Retail sector losses due to organized crime this year have averaged a record $777,877 per $1 billion in sales, an increase of about 7% from last year's previous record of $726,351, according to the National Retail Federation's 2018 Organized Retail Crime (ORC) survey.
About 92% of companies responding to the survey said they had been victimized by ORC in the previous year, and 71% said that ORC activity is increasing. The top locations for ORC activity include many of the nation's biggest retail markets — New York City, Los Angeles, Miami and Chicago, among others
Additionally, 29% of retailers surveyed said ORC activity occurred even before their merchandise reached their stores in the form of cargo theft at different points in their supply chains. However, ORC incidents happening in supply chains have declined sharply from 44% two years ago, the study noted.
Crime-causing losses for retailers is nothing new, but the problem continues to grow, and some of that growth may be directly connected to retailers' efforts at digital transformations. The study, which involved 66 loss professionals at different types and sizes of retailers, suggested that return fraud has continued to grow as some retailers have broadened their policies to allow items that were bought online to be returned in-store. Specifically, 38% of those surveyed said the number of online purchases returned to brick-and-mortar locations had increased, and 29% said a growing number of those returns were fraudulent.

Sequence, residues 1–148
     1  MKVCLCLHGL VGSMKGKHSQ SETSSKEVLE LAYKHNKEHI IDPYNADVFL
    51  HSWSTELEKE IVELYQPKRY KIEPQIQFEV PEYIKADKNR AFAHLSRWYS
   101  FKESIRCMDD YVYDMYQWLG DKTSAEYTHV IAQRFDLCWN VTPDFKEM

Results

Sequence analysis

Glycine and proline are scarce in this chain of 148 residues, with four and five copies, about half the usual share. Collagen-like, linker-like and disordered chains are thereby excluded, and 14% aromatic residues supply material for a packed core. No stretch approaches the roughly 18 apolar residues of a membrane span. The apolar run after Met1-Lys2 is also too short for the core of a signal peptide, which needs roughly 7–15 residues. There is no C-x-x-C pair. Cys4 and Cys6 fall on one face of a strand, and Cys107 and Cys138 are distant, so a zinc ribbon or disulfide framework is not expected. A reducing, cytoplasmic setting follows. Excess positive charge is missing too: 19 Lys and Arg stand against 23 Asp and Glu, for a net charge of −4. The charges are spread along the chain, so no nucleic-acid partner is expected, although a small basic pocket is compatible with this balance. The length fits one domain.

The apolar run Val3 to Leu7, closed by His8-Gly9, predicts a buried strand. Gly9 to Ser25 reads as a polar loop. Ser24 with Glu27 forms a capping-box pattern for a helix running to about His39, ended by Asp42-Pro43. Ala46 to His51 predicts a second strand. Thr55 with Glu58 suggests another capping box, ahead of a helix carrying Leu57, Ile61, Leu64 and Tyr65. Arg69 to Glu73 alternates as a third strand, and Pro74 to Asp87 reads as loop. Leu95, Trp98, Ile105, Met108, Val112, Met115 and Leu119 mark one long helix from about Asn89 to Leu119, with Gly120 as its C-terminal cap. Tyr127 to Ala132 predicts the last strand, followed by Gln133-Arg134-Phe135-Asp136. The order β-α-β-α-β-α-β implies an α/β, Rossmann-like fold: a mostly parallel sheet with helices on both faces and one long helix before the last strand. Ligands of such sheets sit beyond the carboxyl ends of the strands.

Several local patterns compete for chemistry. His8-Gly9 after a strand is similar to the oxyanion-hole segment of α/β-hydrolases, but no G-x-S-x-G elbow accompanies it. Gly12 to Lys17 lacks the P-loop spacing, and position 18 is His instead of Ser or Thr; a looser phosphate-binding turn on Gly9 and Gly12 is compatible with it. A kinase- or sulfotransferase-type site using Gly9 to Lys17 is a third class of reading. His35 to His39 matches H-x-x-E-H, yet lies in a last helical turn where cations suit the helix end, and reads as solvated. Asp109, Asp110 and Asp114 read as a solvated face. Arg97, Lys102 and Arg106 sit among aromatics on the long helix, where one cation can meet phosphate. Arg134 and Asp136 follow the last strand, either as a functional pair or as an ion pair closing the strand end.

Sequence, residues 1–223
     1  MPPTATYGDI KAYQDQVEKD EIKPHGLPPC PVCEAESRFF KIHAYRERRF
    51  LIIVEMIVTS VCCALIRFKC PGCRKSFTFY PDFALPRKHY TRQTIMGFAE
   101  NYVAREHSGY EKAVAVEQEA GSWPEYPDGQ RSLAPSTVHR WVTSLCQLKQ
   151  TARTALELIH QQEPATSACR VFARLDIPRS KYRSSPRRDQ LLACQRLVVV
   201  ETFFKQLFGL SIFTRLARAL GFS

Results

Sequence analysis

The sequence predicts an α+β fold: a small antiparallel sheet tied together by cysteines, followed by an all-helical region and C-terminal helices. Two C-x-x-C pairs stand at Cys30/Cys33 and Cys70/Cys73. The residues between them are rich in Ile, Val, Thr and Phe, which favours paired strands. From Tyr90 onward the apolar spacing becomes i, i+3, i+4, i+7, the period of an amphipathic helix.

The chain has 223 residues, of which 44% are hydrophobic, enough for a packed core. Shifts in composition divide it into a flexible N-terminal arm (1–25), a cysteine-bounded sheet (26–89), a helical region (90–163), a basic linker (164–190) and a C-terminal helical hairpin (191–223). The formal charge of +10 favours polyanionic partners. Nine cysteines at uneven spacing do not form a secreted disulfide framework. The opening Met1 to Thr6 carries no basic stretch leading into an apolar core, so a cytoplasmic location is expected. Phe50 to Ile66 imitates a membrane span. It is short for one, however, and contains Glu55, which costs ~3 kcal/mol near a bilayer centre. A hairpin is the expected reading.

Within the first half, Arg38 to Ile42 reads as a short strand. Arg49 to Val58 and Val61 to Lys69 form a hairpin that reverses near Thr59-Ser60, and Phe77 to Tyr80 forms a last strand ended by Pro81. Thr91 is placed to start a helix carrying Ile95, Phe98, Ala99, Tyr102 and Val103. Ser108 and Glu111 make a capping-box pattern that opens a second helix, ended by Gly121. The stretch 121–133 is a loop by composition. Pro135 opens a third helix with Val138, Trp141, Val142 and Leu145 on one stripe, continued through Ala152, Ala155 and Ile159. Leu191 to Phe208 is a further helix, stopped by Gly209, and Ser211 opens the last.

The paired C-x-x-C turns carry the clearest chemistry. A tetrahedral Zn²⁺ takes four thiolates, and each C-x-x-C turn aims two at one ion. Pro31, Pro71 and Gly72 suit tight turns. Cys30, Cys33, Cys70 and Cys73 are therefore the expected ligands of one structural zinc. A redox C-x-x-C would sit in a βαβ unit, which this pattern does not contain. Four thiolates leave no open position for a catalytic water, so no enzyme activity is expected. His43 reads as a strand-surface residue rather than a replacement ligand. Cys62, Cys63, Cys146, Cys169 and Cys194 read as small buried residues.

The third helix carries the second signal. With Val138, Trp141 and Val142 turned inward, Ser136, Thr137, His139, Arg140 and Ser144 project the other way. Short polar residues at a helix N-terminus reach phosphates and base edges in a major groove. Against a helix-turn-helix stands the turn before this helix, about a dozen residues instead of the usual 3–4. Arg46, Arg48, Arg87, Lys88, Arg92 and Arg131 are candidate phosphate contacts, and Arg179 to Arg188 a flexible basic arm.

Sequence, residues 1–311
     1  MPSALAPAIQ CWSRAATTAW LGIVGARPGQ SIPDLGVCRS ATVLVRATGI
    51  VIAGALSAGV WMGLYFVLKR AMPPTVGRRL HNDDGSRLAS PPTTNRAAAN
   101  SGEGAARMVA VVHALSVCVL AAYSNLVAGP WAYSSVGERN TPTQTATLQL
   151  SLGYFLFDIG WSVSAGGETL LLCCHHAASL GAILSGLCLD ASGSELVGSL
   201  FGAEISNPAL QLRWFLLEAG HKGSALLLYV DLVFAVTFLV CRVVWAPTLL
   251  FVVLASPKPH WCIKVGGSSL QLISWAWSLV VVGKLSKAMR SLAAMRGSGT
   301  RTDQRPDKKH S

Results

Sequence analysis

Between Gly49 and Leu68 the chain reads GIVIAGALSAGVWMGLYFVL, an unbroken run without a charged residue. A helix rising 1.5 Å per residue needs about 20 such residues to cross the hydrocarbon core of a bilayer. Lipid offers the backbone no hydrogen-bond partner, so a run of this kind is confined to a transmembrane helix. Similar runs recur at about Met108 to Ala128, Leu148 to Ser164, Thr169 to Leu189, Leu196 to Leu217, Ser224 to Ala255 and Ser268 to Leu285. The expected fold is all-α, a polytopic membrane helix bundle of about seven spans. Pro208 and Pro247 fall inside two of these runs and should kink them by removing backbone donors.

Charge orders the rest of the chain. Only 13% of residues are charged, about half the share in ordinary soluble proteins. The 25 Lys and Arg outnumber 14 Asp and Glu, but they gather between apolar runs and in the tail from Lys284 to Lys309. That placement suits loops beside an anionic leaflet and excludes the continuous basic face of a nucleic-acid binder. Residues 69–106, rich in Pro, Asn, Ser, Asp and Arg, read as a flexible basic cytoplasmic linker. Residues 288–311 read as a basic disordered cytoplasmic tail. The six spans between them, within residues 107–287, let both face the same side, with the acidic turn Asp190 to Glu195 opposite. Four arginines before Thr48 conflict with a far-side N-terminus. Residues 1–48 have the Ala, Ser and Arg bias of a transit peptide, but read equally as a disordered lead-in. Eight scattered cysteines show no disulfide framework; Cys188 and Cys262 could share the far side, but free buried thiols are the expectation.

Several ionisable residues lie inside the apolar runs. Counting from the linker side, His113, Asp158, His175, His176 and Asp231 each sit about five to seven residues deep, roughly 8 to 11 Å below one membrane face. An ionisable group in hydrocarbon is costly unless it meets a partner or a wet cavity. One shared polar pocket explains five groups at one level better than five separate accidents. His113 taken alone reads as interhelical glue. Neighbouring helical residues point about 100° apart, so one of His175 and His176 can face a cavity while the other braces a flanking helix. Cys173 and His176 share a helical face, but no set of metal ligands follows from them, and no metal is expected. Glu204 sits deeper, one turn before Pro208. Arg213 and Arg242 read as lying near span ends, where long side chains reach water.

Overall, retailers estimated that 11% of their annual sales will be returned this year and 8% of those returns are likely to be fraudulent. In an attempt to become more customer-friendly to make returns easier, more retailers are allowing consumers to return purchases without providing a receipt. The study stated that about 12% of returns this year will not include a receipt, and 21% of that type of return are expected to be fraudulent.
Other factors in growing ORC activity include the easy ability to sell stolen goods online, rising gift card fraud and a shortage of staff (although some retailer have turned to RFID technology to try to curb in-store theft). Items from top, buzzworthy brands also tend to be frequent ORC targets.
While the rise on ORC means that retailers need to make security and anti-loss strategies more of a top priority, retailers surveyed also believe laws should be tougher. The study noted that some states have changed the amount of goods that need to be stolen for a theft to qualify as a felony, so thieves may be able to steal more without risking a misdemeanor offense.